Affiliations: Department of Disability and Human Development, University of Illinois at Chicago, Chicago, IL, USA
Note:  Address for correspondence: Rooshey Hasnain Ed.D., Visiting Research Assistant Professor, Department of Disability and Human Development, Center for Capacity Building on Minorities with Disabilities Research, University of Illinois at Chicago, 1640 Roosevelt Road-Room 451-A, Chicago, IL 60608-6904, USA. Tel.: +1 312 413 0416; Fax: +1 312 413 1804; E-mail: [email protected]
Abstract: This study examines the effects of socio-economic, attitudinal, and support-related variables on the employment status of young adults with disabilities who participate in community-based and facility-based work settings. It was based on a nationally representative sample of 1,899 young adults with disabilities, ages 18 to 26, from White, Black/African-American, and Latino backgrounds living in the U.S. Secondary analyses of the data showed that race/ethnicity, gender, education, socioeconomic level, perception of disability by respondents and family members, and the availability of formal (e.g., vocational rehabilitation service) and informal supports (e.g., family/friends) are significantly related to community-based employment. The results suggest that non-White young adults with disabilities are less likely to be employed in a community-based setting, compared with their White peers, even after controlling for other variables. The need for more effective policies and programs to support successful transition into community-based employment for members of ethnic and racial population groups is discussed.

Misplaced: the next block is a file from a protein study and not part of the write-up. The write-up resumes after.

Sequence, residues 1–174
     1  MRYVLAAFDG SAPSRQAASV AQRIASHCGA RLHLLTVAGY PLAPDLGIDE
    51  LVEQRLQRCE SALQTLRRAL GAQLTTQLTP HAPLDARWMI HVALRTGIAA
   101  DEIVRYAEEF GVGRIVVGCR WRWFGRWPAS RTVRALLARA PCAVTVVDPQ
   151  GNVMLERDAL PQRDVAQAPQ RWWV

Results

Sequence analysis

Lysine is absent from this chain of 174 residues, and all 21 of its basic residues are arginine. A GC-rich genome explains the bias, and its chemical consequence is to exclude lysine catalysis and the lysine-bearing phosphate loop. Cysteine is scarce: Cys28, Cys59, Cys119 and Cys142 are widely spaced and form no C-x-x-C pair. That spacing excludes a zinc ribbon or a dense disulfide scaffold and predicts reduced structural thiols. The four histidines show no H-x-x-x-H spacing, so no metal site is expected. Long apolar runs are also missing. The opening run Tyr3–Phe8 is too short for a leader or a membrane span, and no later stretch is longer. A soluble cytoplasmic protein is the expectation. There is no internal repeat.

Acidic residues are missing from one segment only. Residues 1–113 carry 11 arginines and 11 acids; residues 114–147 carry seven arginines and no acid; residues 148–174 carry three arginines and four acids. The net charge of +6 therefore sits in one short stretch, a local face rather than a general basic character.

Keywords: Transition, ethnic and racial disparities, young adults with disabilities, culture, employment outcomes, national survey research